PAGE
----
Traveling in North Carolina and Tennessee recently, I had the opportunity to visit Great Smoky Mountains National Park. While renowned for its “wondrous biodiversity”, the park’s name is derived from a localized atmospheric phenomenon.
The Cherokee, who originally inhabited the area, called the mountains, “Shaconage”, meaning “place of the blue smoke”. It refers to the smoke-like bluish haze that hovers over the park’s rugged peaks and valleys, especially after a rainstorm. According to the NPS, it is a natural by-product of plant transpiration.
While all trees and plants exhale water vapor, the conifer trees in the park also emit terpenes – a naturally occurring organic compound. Released in large quantities, the mix of terpenes and moisture react with natural low level ozone molecules to form tiny particles that scatter blue light. As a result, the mountains appear to be bathed in a gauzy blue mist.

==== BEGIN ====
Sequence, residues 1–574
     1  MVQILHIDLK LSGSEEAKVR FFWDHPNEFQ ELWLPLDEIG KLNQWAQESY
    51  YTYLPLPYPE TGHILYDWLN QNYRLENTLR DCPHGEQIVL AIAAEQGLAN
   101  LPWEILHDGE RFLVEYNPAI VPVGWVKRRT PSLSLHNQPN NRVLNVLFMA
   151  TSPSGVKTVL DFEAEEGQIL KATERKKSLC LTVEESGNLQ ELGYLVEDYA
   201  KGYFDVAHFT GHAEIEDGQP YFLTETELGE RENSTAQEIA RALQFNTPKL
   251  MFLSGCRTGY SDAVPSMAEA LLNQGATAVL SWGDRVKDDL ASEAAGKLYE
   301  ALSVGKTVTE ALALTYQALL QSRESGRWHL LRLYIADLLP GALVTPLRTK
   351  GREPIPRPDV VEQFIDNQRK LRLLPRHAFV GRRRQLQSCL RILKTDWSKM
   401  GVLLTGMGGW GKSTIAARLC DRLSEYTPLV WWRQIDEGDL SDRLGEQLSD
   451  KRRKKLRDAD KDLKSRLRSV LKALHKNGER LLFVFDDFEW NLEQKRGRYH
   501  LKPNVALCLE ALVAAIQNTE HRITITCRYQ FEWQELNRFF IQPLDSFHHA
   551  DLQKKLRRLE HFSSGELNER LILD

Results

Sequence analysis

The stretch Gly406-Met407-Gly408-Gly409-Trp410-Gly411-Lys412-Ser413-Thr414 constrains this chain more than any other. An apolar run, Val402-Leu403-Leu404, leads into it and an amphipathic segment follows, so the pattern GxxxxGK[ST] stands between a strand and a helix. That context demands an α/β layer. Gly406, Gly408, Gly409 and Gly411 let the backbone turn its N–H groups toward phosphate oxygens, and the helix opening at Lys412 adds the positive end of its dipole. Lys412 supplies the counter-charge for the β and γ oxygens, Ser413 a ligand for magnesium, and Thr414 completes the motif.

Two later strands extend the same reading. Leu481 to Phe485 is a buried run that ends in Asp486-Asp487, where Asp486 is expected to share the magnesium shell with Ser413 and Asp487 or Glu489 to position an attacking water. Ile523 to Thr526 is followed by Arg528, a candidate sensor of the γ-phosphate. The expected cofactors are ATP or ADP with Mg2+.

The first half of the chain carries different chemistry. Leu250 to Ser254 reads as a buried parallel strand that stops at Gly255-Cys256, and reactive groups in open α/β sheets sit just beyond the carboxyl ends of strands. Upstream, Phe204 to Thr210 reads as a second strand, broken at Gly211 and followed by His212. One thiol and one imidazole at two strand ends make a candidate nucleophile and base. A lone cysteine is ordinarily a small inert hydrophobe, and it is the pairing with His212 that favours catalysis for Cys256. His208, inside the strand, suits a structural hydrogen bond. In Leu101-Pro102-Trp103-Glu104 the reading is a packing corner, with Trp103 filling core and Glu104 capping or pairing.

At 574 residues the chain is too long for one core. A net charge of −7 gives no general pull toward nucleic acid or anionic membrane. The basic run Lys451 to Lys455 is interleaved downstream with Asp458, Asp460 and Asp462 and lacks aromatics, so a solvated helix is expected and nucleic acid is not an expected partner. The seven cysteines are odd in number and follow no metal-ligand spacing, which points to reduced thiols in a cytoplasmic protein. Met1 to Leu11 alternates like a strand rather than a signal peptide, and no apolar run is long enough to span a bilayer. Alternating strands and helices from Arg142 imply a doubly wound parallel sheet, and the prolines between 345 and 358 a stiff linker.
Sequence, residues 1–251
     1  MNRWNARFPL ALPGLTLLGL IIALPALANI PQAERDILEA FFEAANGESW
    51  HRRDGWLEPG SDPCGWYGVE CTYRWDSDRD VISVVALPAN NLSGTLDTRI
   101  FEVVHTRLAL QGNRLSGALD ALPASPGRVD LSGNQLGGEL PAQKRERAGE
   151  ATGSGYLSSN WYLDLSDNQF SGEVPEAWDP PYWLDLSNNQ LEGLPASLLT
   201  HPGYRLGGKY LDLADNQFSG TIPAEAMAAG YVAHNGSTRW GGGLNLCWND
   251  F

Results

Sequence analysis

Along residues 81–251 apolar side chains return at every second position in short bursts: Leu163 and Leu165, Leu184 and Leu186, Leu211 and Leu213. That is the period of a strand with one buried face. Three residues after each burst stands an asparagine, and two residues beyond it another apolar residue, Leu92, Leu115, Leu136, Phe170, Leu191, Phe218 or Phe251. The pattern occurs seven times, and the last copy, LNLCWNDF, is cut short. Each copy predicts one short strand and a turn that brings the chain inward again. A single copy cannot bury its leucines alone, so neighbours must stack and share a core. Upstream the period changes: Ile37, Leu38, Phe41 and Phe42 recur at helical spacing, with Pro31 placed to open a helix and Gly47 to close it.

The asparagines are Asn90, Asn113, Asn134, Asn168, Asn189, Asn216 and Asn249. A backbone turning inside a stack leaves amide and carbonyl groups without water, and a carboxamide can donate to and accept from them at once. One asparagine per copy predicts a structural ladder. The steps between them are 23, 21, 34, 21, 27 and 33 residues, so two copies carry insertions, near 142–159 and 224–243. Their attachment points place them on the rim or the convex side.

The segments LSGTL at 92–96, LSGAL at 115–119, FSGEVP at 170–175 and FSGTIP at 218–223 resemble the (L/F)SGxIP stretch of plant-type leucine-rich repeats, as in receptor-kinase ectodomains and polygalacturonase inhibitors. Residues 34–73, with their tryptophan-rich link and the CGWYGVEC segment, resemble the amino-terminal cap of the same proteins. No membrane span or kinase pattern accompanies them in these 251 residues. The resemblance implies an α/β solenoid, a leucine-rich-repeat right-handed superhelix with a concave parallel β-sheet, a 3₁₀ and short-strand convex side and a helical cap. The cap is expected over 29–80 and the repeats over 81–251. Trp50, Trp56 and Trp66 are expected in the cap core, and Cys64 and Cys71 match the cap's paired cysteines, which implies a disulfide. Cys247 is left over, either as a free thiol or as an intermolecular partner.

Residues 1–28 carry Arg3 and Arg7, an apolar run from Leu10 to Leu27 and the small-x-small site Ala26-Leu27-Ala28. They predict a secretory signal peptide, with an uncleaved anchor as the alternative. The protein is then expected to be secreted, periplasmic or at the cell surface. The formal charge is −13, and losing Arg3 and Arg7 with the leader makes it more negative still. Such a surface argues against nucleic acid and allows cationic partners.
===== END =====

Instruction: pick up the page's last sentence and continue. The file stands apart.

In recent years, according to the NPS, human-made air pollution has been obscuring the Smokies’ signature blue haze.